|Ronald Troyke Retrieving an AR15
Twenty minutes later the Arvada PD received a call about a suspicious person in the Olde Town Square. The department dispatched Officer Gordon Beesley to that call and he arrived shortly thereafter. Officer Beesley got out of his patrol car and walked up an alley to the Olde Town Square.
Ronald Troyke arrived moments later and parked his pickup truck in a parking lot near the Square. Troyke got out of the pickup with a semi-automatic shotgun and ran toward Officer Beesley approaching him from behind. Troyke said something to Officer Beesley and when the officer turned, Troyke shot him twice, killing him.
Troyke then shot out Beesley’s patrol car windows and fired shots into the air. Troyke returned to his pickup truck and exchanged his shotgun for an AR15 rifle and ran back towards the Olde Town Square.
Private citizen Johnny Hurley who was shopping in a near-by Army surplus store heard Troyke’s shots and saw him pass by the store. Eye witnesses said that Hurley exited the store and warned people at a near-by restaurant that Troyke was returning and to get inside. Hurley then ran to confront Troyke and shot him several times, killing him. Hurley then apparently retrieved Troyke’s AR15 and was holding it when a responding Arvada Police Officer encountered Hurley. When the officer saw Hurley holding the AR15 he shot and killed him.
Although the incident surrounding Hurley’s death is extremely unfortunate, I do not believe the responding officer involved in this incident did anything wrong. The Arvada officer responding to multiple 911 calls of “shots fired, man with a rifle, officer down” arrives at the scene to see a person on the ground with another standing nearby with a rifle in hand. The officer’s actions are perfectly understandable given the circumstances.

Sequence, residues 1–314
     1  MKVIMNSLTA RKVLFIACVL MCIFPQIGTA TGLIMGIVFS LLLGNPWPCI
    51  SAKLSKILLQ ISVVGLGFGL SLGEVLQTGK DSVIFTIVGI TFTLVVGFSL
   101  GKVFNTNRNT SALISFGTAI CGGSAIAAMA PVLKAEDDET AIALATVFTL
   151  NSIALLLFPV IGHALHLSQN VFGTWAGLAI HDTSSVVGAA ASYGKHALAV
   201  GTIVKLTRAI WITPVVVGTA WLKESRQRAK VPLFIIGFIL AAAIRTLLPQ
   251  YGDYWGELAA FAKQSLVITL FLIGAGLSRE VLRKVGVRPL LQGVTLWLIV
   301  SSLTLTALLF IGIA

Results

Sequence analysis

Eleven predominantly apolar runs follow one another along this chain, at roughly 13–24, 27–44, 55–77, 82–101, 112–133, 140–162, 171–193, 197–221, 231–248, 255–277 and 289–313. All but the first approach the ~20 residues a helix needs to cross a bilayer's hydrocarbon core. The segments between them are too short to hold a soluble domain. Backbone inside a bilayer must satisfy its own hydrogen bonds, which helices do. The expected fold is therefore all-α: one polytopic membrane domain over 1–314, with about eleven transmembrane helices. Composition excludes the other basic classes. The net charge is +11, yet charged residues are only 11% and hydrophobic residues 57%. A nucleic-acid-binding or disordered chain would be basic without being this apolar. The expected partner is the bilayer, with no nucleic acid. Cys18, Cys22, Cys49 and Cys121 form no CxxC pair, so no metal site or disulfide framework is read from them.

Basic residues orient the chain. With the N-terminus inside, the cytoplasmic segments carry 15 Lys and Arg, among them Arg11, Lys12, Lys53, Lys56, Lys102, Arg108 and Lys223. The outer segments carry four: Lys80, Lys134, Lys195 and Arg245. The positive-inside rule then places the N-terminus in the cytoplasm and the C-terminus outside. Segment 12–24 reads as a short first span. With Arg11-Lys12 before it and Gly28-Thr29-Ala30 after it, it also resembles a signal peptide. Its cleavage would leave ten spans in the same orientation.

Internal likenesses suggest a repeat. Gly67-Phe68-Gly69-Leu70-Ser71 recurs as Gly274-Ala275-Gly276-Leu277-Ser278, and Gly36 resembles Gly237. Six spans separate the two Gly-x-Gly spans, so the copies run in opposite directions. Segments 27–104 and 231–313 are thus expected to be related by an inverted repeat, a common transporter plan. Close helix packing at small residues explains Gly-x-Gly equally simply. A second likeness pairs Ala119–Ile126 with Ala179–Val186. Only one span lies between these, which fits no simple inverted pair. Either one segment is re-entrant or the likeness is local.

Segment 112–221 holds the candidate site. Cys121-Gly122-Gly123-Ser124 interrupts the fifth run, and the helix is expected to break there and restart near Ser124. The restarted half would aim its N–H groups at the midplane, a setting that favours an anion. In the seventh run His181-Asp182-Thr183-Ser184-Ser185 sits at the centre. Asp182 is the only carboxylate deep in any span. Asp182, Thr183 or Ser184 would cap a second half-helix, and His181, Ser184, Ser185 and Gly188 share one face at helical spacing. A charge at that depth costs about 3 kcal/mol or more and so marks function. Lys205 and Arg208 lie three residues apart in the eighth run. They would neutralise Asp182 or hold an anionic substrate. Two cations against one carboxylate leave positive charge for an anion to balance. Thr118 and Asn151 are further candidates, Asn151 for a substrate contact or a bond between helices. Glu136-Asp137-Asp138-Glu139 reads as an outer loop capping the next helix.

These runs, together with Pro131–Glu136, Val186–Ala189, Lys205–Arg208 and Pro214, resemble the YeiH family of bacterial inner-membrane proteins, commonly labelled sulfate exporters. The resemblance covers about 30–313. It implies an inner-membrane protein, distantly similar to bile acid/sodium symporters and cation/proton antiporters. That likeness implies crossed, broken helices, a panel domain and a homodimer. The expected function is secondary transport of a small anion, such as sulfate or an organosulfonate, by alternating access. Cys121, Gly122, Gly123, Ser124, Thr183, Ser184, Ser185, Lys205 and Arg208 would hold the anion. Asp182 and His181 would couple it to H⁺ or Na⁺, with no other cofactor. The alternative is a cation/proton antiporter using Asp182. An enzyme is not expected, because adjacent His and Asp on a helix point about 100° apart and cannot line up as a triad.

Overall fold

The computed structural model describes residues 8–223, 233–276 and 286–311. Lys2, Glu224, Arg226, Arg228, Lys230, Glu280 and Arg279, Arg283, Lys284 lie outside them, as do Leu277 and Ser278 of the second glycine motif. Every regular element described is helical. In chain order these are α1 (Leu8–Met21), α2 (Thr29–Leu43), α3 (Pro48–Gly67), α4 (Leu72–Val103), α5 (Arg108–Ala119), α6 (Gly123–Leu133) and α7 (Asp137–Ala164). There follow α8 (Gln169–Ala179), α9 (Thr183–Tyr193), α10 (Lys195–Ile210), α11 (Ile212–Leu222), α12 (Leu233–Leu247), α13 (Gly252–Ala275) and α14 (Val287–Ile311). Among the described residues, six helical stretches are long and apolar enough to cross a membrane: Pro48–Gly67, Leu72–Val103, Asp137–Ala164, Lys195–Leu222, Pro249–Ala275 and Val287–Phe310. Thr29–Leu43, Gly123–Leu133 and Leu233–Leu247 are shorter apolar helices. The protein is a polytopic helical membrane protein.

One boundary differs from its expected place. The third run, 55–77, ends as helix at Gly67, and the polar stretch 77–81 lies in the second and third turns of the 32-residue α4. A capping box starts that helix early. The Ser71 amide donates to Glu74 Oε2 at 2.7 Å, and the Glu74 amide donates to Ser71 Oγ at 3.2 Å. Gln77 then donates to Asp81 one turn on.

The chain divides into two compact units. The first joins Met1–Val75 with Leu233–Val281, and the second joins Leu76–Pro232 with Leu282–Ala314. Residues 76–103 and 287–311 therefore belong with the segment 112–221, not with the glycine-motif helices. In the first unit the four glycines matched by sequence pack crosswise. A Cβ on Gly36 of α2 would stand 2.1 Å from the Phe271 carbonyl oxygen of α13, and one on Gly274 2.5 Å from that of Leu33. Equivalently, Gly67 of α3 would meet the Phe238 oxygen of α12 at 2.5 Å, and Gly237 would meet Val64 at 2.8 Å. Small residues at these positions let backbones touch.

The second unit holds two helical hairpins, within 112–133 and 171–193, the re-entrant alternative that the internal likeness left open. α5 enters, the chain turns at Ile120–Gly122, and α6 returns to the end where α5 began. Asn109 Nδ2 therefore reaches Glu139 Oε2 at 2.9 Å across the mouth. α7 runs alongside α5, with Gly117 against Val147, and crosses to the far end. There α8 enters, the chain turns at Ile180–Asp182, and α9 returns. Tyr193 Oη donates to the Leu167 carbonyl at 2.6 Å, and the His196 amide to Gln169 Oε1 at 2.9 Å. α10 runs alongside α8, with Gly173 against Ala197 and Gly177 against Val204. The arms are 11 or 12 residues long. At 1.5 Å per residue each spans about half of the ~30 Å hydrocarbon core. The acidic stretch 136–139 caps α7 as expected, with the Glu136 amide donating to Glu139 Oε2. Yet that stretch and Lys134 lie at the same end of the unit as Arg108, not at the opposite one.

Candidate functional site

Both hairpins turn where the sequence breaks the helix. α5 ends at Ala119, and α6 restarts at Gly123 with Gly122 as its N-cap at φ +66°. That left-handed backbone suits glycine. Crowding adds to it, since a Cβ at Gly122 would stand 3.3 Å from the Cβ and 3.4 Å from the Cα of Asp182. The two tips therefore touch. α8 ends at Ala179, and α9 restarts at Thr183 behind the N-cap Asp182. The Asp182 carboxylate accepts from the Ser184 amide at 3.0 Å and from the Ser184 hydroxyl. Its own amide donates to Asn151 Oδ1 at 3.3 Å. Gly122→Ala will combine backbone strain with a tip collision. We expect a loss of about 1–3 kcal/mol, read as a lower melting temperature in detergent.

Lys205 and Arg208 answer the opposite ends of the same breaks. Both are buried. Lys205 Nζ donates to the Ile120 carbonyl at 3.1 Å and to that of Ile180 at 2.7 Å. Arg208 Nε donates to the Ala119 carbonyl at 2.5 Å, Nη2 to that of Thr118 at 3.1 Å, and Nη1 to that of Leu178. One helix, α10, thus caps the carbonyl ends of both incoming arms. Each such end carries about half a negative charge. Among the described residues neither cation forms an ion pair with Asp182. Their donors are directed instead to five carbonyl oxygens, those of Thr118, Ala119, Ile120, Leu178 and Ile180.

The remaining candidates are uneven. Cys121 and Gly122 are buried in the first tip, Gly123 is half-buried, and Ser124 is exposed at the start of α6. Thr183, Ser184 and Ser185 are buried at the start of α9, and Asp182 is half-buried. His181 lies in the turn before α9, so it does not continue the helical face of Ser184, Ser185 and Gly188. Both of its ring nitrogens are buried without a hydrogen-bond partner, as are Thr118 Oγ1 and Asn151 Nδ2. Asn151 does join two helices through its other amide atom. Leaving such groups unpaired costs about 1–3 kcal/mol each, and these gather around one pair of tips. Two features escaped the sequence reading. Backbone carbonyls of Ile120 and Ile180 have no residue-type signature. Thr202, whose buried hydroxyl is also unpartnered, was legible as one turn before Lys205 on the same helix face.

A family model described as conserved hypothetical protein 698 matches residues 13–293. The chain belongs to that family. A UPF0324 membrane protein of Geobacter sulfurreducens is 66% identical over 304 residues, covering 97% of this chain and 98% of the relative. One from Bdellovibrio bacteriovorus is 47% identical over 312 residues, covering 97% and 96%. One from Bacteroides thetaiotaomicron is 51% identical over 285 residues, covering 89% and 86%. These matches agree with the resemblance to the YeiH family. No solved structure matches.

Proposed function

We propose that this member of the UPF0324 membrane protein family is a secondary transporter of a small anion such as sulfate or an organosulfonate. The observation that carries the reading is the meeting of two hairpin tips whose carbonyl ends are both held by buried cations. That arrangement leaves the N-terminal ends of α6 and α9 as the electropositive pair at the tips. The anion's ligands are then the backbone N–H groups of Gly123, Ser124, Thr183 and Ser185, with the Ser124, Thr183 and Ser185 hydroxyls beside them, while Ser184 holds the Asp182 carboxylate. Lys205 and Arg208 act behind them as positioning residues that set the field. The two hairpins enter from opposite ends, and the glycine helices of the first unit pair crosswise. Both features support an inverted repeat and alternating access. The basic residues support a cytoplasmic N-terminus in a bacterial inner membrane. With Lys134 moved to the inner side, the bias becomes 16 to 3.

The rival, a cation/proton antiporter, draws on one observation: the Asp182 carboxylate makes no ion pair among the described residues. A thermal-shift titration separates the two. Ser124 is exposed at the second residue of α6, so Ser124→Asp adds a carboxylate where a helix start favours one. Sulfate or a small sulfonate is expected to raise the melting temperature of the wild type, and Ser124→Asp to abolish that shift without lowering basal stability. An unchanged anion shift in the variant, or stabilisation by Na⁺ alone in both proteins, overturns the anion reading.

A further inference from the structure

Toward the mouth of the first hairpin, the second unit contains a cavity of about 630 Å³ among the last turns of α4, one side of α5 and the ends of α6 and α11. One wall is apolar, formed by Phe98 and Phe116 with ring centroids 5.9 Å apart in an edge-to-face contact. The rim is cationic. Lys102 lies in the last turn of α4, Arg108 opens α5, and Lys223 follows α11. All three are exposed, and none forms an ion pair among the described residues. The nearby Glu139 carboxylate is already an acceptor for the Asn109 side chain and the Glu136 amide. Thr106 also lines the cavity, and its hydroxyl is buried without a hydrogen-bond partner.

It is not unusual for Police through a case of mistaken identity to shoot private citizen “good guys” during a chaotic incident. Unfortunately, this tragic turn of events is often due to the citizen’s own actions. A private citizen taking down a depraved killer knows that they are the good guy and expect others to recognize them as such. Of course, the problem with this is exactly what does a good guy look like?
Johnny Hurley’s prompt action in stopping the murderer Ronald Troyke from killing more innocents is praiseworthy and I am in no way criticizing him. We will never know what led him to pick up Troyke’s rifle, perhaps he was trying to remove it out of Troyke’s reach. However, Hurley clearly didn’t understand how officer’s responding to the scene would view him.
So what should you do in similar circumstances? First, move to a good cover position ideally where you can see the bad guy as well as responding police. If no cover is immediately at hand, put some distance between you and the downed bad guy. If possible, you should chose a position from where you can see the police before they see you. You want to present a non-threatening appearance to responding officers; you absolutely SHOULD NOT have any type of firearm in your hand as the police arrive at the scene. Police often shoot the instant they say “drop the gun!”
If you have holstered your pistol but feel that you must have your hand on it due to the potential of a continuing threat of deadly force from the bad guy, slowly remove your hand the instant an officer arrives on the scene. If an officer you did not see confronts you and demands you show your hands, tell the officer: “I’m going to lift my hand without the pistol.” This is one reason I prefer carrying concealed is that as you see an approaching officer you can simply remove your hand from the pistol that is now concealed from view.
As soon as the first identifiable uniformed officer arrives he or she has command of the situation. Immediately obey the officer’s commands without argument or hesitation.
I have introduced police arriving on the scene (photo realistic targets) in some of my training scenarios and students often fail to immediately obey the officer’s commands and in more than one class actually shot the officer. When I asked afterward why they shot at the officer they either could not explain why, said they did not see the badge (some targets were in complete uniform), or said they did not hear the officers identifying themselves. All of which I’m sure was true. If you do not practice something, it is unreasonable to expect that you will suddenly perform it well under stress—even the artificial stress of a decision-based scenario.
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